Ground Penetrating Radar (GPR) – What is it, and what is it used for?

Alexus Kelley Uncategorized

Ground Penetrating Radar (GPR) can “uncover” buried features without ever disturbing the ground.  Learn more about GPR, how it works, and how it can be applied to projects in this Q&A with ERO GPR Specialist and Archaeologist Shayleen Ottman.

Sometimes called Ground-Penetrating Radar, ground penetrating radar, or GPR….What is it?
Ground-penetrating radar (GPR) is a non-invasive geophysical survey method that can be used to “see” objects buried underground. Using electromagnetic energy, an antenna is passed along the ground surface and registers signals as they bounce off buried objects or cavities. With an idea of what’s being looked for, careful analysis and experienced interpretation are used to determine the nature of the object that creates the signal.

Because GPR is non-destructive and non-invasive, GPR is ideal for locating buried features in sensitive areas, such as cultural sites, historic places, and monuments. For cemeteries with uncertainties surrounding the location of burials or those with gaps in their burial records, a GPR survey can be used to help cemeteries identify which plots are empty, and which are occupied. GPR can also be used to locate features such as roads, walls, foundations, ditches, and hearths that may have been buried over time, or disturbances such as past excavations.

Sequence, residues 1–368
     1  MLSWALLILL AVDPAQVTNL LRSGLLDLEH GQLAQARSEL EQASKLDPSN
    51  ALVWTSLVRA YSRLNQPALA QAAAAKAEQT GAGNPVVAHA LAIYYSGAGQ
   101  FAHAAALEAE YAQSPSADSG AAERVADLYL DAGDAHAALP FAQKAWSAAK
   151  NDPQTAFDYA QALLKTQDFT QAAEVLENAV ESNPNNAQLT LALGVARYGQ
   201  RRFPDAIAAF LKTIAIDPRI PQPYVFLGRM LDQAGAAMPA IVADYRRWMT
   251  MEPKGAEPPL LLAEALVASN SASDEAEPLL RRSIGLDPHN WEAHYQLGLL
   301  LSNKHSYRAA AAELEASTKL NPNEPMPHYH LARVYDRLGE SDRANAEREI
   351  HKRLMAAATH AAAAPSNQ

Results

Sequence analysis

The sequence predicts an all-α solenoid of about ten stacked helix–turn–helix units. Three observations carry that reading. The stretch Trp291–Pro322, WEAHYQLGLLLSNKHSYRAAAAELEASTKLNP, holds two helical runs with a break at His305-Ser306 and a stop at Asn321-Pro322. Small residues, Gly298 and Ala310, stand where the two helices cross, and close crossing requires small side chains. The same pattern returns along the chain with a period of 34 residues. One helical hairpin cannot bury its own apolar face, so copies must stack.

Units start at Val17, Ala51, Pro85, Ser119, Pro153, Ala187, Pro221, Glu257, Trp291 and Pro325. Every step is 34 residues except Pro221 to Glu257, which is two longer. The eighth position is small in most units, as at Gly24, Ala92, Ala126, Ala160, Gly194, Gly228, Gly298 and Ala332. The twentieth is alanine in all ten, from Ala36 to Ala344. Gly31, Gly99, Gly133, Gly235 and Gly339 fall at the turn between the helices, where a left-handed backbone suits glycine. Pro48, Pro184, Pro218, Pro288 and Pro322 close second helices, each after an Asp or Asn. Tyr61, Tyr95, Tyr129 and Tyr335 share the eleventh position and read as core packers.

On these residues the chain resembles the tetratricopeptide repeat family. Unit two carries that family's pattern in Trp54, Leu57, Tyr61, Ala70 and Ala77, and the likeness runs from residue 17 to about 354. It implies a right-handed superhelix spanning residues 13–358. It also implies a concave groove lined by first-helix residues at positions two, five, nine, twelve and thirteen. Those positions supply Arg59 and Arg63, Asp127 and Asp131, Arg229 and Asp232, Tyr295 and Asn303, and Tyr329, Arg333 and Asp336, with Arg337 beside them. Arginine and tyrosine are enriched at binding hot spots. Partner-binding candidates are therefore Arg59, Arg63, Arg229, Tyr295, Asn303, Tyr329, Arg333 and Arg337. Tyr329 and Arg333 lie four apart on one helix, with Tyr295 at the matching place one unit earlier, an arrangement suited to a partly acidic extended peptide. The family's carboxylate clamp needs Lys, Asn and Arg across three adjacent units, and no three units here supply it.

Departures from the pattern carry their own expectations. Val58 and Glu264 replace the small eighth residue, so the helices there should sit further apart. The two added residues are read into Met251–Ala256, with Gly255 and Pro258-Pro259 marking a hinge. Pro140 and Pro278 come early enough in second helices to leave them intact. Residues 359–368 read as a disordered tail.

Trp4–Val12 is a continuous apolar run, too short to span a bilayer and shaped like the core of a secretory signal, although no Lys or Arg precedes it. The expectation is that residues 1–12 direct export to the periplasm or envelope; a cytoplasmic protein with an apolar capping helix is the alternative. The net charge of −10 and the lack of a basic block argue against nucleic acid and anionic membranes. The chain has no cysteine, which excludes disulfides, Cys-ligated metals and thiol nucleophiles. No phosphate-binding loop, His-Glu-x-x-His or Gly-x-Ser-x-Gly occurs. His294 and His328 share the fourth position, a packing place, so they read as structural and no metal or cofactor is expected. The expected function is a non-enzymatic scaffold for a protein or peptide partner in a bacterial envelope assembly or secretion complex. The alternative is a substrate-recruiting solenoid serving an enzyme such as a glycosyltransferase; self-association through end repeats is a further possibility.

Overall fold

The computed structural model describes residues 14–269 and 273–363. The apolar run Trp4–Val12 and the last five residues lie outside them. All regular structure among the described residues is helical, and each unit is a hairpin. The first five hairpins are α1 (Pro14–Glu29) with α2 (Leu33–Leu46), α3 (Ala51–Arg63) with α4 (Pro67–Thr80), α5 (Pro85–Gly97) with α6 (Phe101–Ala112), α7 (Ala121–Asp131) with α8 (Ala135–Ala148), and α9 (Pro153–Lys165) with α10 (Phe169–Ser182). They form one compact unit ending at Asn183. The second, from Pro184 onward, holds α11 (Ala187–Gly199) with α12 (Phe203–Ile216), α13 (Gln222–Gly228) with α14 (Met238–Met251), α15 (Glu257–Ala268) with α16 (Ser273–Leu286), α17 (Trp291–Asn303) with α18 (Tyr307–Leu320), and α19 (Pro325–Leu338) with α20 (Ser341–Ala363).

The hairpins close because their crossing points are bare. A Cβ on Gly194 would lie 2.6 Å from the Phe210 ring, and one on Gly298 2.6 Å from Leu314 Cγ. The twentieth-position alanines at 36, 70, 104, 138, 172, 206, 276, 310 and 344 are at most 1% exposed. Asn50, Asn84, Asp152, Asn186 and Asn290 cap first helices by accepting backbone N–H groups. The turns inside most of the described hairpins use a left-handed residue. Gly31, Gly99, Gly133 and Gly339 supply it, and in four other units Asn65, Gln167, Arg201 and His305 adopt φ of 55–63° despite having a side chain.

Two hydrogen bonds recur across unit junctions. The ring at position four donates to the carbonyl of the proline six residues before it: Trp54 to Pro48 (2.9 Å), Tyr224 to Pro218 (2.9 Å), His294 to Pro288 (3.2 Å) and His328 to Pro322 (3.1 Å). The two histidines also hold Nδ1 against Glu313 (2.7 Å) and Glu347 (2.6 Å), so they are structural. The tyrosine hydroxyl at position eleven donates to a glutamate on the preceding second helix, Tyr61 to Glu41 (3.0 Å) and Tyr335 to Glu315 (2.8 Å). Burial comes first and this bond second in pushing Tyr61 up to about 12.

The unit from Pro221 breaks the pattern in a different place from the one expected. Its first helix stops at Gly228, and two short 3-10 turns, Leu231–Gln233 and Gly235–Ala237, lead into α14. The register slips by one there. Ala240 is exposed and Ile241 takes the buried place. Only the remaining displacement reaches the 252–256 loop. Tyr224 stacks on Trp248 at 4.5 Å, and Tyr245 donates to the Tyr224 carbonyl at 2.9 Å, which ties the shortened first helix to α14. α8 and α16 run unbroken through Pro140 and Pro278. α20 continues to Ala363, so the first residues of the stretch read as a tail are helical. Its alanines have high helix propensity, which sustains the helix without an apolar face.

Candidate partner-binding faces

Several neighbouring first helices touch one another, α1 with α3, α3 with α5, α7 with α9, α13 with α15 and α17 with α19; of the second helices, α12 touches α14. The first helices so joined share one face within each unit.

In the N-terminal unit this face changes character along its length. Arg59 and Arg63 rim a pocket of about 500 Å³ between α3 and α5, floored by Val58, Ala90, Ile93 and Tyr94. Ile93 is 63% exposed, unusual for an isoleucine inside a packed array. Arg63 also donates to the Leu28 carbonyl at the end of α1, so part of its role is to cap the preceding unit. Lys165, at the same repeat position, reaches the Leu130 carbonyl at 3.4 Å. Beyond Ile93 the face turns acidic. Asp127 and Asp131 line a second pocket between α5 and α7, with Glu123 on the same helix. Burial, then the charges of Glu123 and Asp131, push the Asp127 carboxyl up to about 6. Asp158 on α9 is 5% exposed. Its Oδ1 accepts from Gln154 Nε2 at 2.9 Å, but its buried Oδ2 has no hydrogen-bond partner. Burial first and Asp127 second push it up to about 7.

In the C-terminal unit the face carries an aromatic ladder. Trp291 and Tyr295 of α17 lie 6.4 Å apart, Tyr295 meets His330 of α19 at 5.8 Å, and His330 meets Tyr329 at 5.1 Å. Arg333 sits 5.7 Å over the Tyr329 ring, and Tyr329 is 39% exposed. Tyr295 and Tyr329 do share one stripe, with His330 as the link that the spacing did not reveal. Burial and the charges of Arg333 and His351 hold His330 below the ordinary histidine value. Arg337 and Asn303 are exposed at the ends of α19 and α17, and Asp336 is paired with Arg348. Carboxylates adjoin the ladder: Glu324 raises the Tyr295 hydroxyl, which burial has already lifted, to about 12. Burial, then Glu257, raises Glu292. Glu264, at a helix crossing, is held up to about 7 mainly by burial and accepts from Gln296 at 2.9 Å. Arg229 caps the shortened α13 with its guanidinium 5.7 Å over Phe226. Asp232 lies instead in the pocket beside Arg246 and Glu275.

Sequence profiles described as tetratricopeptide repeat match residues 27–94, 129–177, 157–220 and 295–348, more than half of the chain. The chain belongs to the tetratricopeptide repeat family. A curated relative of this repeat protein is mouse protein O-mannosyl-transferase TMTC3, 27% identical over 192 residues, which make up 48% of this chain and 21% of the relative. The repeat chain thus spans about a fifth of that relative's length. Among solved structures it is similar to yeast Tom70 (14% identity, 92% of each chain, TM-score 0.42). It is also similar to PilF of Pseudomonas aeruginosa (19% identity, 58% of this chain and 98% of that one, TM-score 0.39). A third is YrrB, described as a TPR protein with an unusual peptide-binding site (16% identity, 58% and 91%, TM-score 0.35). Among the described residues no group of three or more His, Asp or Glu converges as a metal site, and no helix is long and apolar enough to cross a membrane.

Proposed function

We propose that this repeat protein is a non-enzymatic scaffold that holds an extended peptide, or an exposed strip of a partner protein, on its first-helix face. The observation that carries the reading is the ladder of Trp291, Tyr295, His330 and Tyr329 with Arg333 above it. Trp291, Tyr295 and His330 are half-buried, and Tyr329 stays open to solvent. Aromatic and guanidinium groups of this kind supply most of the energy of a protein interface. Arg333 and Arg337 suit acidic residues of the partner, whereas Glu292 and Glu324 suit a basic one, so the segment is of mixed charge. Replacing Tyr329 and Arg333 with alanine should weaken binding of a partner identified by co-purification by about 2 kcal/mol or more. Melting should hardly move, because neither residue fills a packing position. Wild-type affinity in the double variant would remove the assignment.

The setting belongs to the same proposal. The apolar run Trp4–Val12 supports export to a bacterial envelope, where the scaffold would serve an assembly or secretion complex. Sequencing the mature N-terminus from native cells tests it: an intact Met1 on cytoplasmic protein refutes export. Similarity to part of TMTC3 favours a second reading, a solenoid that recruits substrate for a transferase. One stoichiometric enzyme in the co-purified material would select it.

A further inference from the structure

Who uses GPR?
A GPR survey can assist archaeologists, historical societies, and other cultural stewards who may be planning projects that require underground investigations but wish to limit ground-disturbing activities.  Beyond it’s cultural and historical applications, GPR is often used to identify underground utilities before construction!

What makes it so useful?
GPR can identify buried features over a relatively large area without the destructive nature or significant cost of systematic shovel testing, auger probing, or trenching. GPR surveys are ideally suited for projects with an aim to locate features in areas that are considered culturally or environmentally sensitive.

GPR sounds especially useful for historical societies – how can they get funding for GPR projects?
Grants through entities like the Colorado State Historical Fund, the National Trust for Historic Preservation, and other preservation organizations can often help clients meet their preservation and management goals. ERO can assist with the grant application process and help develop a project that meets the needs of both the client and the agency through which funds are provided. Often, elements of community involvement are stipulated as a part of a grant award. ERO provides public demonstrations of how GPR is being used for the benefit of the project and the community.